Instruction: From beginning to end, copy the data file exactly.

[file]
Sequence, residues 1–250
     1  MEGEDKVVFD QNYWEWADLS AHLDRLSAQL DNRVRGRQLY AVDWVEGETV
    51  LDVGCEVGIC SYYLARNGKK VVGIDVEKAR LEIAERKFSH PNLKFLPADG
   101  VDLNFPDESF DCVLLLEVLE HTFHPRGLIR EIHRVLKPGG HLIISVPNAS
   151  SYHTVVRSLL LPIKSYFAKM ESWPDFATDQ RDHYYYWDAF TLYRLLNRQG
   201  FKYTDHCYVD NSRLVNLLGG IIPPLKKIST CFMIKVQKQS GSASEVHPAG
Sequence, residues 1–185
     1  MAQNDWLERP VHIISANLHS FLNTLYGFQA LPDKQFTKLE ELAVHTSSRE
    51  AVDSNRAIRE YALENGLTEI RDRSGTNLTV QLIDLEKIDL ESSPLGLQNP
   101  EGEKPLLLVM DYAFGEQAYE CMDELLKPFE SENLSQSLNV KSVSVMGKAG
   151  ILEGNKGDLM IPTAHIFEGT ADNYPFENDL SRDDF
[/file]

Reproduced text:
Sequence, residues 1–250
     1  MEGEDKVVFD QNYWEWADLS AHLDRLSAQL DNRVRGRQLY AVDWVEGETV
    51  LDVGCEVGIC SYYLARNGKK VVGIDVEKAR LEIAERKFSH PNLKFLPADG
   101  VDLNFPDESF DCVLLLEVLE HTFHPRGLIR EIHRVLKPGG HLIISVPNAS
   151  SYHTVVRSLL LPIKSYFAKM ESWPDFATDQ RDHYYYWDAF TLYRLLNRQG
   201  FKYTDHCYVD NSRLVNLLGG IIPPLKKIST CFMIKVQKQS GSASEVHPAG
Sequence, residues 1–185
     1  MAQNDWLERP VHIISANLHS FLNTLYGFQA LPDKQFTKLE ELAVHTSSRE
    51  AVDSNRAIRE YALENGLTEI RDRSGTNLTV QLIDLEKIDL ESSPLGLQNP
   101  EGEKPLLLVM DYAFGEQAYE CMDELLKPFE SENLSQSLNV KSVSVMGKAG
   151  ILEGNKGDLM IPTAHIFEGT ADNYPFENDL SRDDF